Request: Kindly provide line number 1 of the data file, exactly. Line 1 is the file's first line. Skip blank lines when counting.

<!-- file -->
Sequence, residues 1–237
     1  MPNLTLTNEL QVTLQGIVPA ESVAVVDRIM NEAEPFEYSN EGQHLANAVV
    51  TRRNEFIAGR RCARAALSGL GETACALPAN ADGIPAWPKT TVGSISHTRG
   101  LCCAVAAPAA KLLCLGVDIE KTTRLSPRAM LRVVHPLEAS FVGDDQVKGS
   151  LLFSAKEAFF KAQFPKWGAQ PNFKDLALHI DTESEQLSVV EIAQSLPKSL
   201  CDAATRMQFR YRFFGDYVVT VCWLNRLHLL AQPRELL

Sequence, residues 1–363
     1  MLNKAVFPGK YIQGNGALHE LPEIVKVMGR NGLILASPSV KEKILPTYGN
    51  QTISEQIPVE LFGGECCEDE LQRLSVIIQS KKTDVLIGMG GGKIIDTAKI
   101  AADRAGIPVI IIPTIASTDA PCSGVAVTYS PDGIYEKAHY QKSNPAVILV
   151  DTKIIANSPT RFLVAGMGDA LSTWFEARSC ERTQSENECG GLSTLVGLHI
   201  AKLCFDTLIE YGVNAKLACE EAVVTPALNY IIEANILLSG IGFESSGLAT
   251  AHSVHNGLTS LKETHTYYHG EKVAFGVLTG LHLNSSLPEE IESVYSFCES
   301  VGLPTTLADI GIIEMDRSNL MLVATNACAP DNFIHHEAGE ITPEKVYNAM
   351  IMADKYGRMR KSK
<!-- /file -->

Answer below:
Sequence, residues 1–237